Preliminary building work followed and, in the face of a writ against Parkside seeking an injunction to prevent development otherwise than in accordance with the covenant, indemnity insurances were arranged to protect the purchasers and contracts were exchanged. Three months later, the properties were structurally complete and the buyers moved in. The road to the development remained in Parkside’s ownership.

So far as the buyers were concerned, the design covenant was irreparably breached well before their purchases were completed. If Powell v Hemsley were to be applied, liability for this ‘once and for all’ breach could not be imputed to them as Parkside’s successors.

Powell v Hemsley was, however, distinguished by the court and the buyers were held liable. In Wrotham it was held that, while the breach was ‘once and for all’, it was only complete when the estate was fully developed. Accordingly, in exchanging contracts and paying over their deposits in the full knowledge that the development was prohibited, the purchasers were said to have participated in the breach.

Using language usually reserved for describing criminal activity, Brightman J said scathingly that, in providing monies at exchange which were then put to use in completing the building of the estate, the purchasers had ‘aided and abetted’ the breach.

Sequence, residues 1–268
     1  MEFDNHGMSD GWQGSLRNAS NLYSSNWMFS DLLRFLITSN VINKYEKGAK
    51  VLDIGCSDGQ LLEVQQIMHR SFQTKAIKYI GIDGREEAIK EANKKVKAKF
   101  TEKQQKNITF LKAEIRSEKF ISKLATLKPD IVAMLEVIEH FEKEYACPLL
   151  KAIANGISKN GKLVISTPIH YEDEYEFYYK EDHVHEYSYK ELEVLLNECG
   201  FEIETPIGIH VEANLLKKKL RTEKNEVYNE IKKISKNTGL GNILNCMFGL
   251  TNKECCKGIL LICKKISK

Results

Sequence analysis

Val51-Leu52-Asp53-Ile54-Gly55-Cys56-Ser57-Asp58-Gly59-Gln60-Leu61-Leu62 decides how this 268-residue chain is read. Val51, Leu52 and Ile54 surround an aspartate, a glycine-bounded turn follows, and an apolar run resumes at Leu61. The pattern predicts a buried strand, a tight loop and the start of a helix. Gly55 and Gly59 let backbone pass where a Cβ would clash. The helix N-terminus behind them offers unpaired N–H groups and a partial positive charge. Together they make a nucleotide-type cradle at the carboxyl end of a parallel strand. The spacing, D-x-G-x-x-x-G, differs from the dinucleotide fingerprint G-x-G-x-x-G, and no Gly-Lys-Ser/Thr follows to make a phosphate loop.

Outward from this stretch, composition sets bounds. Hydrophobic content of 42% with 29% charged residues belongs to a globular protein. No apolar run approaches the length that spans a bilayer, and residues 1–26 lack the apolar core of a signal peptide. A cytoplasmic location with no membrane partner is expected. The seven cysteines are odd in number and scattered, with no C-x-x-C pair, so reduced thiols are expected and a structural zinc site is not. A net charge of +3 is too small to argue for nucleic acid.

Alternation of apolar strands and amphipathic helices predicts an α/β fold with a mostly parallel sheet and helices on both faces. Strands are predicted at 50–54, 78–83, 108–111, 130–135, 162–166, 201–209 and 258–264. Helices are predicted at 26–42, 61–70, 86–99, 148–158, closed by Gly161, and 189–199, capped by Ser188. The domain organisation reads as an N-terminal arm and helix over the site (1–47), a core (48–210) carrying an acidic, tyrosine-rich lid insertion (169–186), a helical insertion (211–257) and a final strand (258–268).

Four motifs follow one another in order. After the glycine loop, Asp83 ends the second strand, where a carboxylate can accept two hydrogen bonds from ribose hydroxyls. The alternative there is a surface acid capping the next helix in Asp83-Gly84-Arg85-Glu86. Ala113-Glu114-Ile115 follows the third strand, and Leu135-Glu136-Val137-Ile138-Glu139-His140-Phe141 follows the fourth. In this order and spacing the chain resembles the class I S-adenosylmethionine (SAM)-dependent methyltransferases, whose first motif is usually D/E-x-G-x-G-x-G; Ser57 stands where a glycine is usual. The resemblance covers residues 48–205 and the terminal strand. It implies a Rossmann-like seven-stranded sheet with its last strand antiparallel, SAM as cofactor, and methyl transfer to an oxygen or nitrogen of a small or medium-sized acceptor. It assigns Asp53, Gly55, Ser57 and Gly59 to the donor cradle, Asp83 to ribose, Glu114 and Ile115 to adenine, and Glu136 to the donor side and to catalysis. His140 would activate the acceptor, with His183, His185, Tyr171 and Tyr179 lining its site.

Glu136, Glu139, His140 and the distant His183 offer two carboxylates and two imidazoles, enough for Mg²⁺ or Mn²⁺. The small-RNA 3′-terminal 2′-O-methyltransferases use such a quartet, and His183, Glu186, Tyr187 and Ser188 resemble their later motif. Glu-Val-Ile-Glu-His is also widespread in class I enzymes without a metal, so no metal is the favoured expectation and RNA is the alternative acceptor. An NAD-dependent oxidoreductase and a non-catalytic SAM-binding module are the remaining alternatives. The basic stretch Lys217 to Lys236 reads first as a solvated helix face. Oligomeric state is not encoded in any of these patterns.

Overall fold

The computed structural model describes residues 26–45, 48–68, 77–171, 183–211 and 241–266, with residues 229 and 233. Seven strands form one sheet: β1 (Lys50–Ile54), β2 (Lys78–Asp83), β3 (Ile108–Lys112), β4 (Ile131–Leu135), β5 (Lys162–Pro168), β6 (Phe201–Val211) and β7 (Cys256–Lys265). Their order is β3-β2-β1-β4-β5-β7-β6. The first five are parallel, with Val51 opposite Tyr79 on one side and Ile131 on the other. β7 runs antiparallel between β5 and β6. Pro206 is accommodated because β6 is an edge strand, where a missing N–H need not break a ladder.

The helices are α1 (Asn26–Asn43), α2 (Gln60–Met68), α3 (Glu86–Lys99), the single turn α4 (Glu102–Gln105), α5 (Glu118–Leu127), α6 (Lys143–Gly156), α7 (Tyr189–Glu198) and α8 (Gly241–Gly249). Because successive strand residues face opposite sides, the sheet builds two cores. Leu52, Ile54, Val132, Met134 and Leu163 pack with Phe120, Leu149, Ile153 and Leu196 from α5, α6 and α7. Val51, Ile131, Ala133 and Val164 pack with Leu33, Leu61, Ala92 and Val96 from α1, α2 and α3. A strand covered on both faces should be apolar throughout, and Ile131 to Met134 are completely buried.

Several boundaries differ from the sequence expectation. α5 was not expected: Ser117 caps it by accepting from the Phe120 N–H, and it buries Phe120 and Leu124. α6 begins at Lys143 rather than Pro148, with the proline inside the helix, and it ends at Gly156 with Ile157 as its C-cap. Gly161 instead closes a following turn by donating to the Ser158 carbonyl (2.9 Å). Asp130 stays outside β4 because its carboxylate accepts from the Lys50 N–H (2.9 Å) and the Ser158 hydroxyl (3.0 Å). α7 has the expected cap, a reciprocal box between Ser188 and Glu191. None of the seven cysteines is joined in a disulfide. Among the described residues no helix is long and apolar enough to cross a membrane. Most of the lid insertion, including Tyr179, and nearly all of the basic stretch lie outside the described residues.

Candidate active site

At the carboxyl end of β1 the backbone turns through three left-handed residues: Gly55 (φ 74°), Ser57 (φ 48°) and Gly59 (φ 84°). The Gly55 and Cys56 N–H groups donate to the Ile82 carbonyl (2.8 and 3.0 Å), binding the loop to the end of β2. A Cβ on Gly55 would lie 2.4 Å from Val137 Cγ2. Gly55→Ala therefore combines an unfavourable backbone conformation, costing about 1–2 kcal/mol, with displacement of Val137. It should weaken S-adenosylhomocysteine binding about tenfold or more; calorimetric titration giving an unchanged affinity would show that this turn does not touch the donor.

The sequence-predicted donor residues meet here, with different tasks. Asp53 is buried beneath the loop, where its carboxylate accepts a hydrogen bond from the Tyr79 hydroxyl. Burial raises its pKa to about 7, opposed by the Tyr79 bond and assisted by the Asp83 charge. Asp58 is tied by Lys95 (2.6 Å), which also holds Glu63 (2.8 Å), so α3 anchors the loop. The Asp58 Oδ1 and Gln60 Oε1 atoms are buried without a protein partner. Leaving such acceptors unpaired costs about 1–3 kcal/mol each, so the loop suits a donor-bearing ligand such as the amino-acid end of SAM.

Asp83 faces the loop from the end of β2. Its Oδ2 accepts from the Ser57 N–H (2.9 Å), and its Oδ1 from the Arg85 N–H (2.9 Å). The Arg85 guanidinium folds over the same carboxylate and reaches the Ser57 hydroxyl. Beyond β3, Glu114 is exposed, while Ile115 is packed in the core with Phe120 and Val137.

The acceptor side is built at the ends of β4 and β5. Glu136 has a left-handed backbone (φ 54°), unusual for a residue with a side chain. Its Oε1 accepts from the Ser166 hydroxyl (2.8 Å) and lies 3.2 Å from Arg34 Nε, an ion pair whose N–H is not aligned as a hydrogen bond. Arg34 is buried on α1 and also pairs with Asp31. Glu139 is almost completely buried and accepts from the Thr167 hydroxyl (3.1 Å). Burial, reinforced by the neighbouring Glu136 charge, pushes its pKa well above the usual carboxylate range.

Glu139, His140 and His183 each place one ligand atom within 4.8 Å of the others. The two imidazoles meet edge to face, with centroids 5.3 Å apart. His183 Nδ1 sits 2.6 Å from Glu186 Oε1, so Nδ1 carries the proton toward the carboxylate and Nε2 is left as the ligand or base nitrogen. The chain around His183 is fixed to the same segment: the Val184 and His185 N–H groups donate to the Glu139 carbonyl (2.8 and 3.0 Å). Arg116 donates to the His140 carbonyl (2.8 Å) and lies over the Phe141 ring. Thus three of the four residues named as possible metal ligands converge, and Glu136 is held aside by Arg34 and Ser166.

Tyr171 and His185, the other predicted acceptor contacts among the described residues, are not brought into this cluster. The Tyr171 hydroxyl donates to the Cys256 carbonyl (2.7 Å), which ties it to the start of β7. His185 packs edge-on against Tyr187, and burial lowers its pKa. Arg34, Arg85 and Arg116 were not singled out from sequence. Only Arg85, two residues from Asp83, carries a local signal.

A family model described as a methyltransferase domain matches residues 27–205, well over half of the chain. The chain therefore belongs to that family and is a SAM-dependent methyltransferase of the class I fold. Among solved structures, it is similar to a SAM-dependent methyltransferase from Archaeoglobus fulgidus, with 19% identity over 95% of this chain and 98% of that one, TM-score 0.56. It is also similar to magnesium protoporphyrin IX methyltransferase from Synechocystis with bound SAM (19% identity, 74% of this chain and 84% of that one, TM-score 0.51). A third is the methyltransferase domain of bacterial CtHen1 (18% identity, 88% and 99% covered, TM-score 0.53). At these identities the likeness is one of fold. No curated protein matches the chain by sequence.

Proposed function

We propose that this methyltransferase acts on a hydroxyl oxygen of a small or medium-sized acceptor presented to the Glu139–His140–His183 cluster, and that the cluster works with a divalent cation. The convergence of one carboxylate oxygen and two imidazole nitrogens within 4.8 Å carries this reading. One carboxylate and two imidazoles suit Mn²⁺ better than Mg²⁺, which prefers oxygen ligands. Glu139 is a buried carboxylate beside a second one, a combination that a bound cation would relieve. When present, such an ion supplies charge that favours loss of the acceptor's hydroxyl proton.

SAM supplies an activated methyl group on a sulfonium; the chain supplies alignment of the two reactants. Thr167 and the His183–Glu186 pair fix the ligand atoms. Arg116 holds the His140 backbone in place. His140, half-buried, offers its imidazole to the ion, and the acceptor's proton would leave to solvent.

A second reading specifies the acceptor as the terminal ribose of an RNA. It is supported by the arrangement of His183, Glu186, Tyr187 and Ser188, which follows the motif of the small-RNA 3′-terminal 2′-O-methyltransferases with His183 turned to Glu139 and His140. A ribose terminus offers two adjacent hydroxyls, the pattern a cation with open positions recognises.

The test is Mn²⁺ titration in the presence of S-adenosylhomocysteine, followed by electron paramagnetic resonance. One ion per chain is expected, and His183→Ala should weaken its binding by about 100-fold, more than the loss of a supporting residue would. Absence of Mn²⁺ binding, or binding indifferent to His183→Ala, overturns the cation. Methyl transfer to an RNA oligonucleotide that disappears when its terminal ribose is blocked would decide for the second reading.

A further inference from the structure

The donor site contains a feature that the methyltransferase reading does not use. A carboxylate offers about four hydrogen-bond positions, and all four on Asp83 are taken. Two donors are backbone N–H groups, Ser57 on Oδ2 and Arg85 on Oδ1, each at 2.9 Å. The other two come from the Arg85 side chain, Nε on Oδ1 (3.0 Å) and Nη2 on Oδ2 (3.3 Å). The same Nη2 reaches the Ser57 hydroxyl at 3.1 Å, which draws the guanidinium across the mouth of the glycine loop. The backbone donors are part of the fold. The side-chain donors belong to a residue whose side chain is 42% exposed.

The shadow of Wrotham Park

Regrettably, it is the ruling in Wrotham Park, decided in the context of all its peculiarities, that seems to underpin the modern compulsion to obtain indemnity policies wherever past breaches appear. While Wrotham Park is a significant case in the context of a successor’s liability for freehold covenants, we must also appreciate the limit of its reach.

Although Wrotham, in the context of new developments, has perhaps stretched the period over which a ‘once and for all’ breach could be considered live, there is no sense in which it has changed this type of breach into a ‘continuing’ one for the purpose of fixing a successor with liability for it. Accordingly, the significance of the Wrotham finding on this point should not be overblown. Where the possible breach of a building control covenant is concerned, as long as purchasers only commit to buying the affected property after it has been finished, they will be successors to the breach and not parties to it.

Post-Wrotham, Powell v Hemsley is still good law. A covenant aimed at restricting building is still one intended to prevent a single act and therefore its breach is still ‘once and for all’. A successor in title, remote from such a past breach, cannot be held liable for it.

Be bold!

Buy your next restrictive covenant indemnity policy advisedly – if the terms of the covenant itself do not expressly make a successor in title liable for past breaches (and it is highly unlikely that it will), consider whether there is any need for insurance at all.

Catherine Stanbury and Andrew Cash are non-practising solicitors and senior lecturers at the University of Huddersfield